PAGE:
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Mobility Practice for Joint Health
By: Melissa Miller DC, RN
Recently, we posted about the dangers of sitting disease. Sitting too much just isn’t good, for so many reasons!
Here are Dr. Melissa’s wise words on the subject and bonus! She even included a video for us to show us how to compensate for all this sitting and lack of movement.
Use it or Lose it?
Have you ever heard the phrase “use it or lose it”? It is typically used in reference to your body parts and their ability to stay strong, flexible, etc. Here’s why that phrase is so incredibly important and why you need to move more of your body, more often.
Your body is made up of zillions and zillions of cells. The only language cells speak, regardless of their structure or function, is FORCE. Force is a push or pull on an object, in this case, on your cells. The only time cells initiate a response mechanism is when you push or pull them.
Mobility Practice for Joint Health
Any time you move your body you apply force to the specific body parts involved in that movement. So if you only do a handful of movements in a day, only a small amount of cells, relative to the number of cells in your whole body, get to be pushed or pulled.
What is happening to the rest of the cells that aren’t receiving force? They get broken down and recycled because your body’s main goal is to be as efficient as possible.
For example if you spend a majority of your day in the same seated position (sitting in a chair for meals, sitting in your chair at work, sitting in your car, sitting on your couch), your cells are going to make you the best at sitting.
But what if one day you decided you wanted to go hiking? Run a marathon? Lift some weights? Hang on the monkey bars (monkey bars are my favorite, had to add that one in)?
Risk of Injuries
Because your body is only adapted to being an efficient sitter, you then get muscle soreness, or even worse, a fracture, sprain or strain, because your cells aren’t used to sustaining these new forces.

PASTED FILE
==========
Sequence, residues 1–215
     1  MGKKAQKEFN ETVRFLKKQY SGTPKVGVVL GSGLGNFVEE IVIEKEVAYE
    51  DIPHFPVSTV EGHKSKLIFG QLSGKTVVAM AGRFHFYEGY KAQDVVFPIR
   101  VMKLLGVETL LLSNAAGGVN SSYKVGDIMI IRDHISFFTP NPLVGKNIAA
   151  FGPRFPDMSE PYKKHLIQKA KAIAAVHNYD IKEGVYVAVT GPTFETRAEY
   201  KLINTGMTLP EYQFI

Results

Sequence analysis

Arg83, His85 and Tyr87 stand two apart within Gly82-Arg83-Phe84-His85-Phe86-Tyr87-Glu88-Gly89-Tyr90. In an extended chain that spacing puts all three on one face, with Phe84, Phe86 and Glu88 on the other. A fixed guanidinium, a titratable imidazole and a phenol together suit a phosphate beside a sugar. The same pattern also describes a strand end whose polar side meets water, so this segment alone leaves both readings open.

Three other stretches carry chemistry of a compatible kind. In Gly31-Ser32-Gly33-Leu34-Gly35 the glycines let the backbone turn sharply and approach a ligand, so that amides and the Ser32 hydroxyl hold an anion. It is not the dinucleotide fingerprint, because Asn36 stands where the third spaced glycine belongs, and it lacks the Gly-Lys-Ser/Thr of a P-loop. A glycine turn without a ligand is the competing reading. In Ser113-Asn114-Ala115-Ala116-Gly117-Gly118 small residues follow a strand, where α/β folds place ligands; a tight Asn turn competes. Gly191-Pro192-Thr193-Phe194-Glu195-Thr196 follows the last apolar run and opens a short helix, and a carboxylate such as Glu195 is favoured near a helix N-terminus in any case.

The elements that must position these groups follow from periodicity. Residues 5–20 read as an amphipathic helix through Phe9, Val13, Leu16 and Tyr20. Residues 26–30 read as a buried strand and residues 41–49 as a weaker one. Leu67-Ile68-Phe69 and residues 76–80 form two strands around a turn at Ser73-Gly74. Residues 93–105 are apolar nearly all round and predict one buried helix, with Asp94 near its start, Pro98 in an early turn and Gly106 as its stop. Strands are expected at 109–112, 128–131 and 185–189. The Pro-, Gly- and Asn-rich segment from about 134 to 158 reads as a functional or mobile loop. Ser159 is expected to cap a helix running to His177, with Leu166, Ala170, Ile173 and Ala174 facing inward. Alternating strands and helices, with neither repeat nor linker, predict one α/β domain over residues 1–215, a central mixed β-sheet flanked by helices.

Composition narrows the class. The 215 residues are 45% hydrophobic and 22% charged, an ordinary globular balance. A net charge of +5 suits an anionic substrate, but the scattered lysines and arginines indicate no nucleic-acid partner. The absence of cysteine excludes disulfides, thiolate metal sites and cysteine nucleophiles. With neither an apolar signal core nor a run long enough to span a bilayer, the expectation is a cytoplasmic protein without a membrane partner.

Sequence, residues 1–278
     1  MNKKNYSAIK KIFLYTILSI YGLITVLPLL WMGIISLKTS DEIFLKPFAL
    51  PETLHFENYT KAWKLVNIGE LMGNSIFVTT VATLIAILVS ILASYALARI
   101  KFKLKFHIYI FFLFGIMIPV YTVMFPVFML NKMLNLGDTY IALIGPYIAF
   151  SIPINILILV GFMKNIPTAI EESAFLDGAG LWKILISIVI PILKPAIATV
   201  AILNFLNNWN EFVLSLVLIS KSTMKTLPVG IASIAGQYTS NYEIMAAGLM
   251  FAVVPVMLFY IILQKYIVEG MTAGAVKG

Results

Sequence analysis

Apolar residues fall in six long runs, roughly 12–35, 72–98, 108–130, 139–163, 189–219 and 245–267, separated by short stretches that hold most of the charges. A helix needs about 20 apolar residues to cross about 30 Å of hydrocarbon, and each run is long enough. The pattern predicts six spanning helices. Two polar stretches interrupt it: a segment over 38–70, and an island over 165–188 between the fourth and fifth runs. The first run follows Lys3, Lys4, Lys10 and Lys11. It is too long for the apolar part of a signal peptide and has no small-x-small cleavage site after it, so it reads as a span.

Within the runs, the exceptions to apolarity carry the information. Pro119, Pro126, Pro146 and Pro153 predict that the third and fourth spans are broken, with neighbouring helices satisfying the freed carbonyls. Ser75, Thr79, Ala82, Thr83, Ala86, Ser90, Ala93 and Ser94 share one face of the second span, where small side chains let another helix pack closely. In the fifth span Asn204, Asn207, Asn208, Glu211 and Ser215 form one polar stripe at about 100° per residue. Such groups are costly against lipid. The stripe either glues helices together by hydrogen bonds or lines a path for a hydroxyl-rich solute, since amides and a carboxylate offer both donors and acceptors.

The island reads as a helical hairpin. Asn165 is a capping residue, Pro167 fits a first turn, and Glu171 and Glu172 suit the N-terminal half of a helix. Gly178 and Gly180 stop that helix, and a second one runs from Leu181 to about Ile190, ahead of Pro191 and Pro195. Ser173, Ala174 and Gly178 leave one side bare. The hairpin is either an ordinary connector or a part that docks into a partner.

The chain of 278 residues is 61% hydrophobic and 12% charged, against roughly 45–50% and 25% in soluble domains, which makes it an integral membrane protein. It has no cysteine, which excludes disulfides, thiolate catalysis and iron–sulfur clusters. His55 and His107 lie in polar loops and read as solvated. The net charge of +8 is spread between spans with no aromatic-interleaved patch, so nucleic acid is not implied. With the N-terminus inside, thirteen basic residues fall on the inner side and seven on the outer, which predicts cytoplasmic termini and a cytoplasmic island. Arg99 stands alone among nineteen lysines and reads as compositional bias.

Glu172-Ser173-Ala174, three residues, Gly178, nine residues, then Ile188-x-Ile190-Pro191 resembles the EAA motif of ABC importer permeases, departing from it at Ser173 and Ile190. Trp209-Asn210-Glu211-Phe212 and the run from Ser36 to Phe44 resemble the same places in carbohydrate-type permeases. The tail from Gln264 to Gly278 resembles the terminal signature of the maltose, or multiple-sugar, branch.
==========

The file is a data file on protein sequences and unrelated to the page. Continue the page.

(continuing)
What if you started putting your body in new and different shapes throughout the day to increase the variability of forces being placed on your cells, causing them to become stronger rather than weaker?
Your tissues would more easily adapt to whatever stresses you put on it. For example, if your ankle ligaments are strong in all ranges of motion, you’re less likely to sustain a serious sprain if you roll your ankle.
And if your ankle does get sprained, the tissues will recover much more quickly. And this is where the importance of a movement practice for mobility and joint health comes in.
Finally, the video sequence:
Here is a video of a short sequence that moves all the joints in your body. It’s a great way to increase the variety of movement in your day and also a great assessment tool to see how your joints are or aren’t moving.
I’d suggest making this movement routine for joint health a daily habit. Your body will thank you!
Contact Dr. Melissa:
You can reach me at Melissa@nuravita.com for any questions. You can also sign up for my newsletter at www.nuravita.com where I offer monthly movement inspiration!
As a chiropractic physician, my approach targets healing on a cellular level, getting your joints moving as they are meant to, and offers tools to increase movement in your daily life so a few hours at the gym per week becomes your supplemental movement practice rather than your primary movement practice. Happy Moving!
What did you guys all think about Dr. Melissa’s great advice? I for one, plan to do this routine daily. I already get her newsletter and have driven hours to go see her. She is that good!
Thank you Dr. Melissa for sharing this with us.
Please share this movement practice for joint health post with those you love, because it could help them so much as Dr. Melissa described above.